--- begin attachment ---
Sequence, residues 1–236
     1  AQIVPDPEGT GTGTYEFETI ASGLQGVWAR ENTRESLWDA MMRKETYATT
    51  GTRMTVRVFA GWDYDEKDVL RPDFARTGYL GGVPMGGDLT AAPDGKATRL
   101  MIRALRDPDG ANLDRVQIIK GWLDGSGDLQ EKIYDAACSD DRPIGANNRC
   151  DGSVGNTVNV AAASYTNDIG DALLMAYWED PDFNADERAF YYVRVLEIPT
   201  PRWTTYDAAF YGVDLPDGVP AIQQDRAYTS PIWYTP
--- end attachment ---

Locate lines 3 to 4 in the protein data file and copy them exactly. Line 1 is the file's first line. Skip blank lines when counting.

    51  GTRMTVRVFA GWDYDEKDVL RPDFARTGYL GGVPMGGDLT AAPDGKATRL
   101  MIRALRDPDG ANLDRVQIIK GWLDGSGDLQ EKIYDAACSD DRPIGANNRC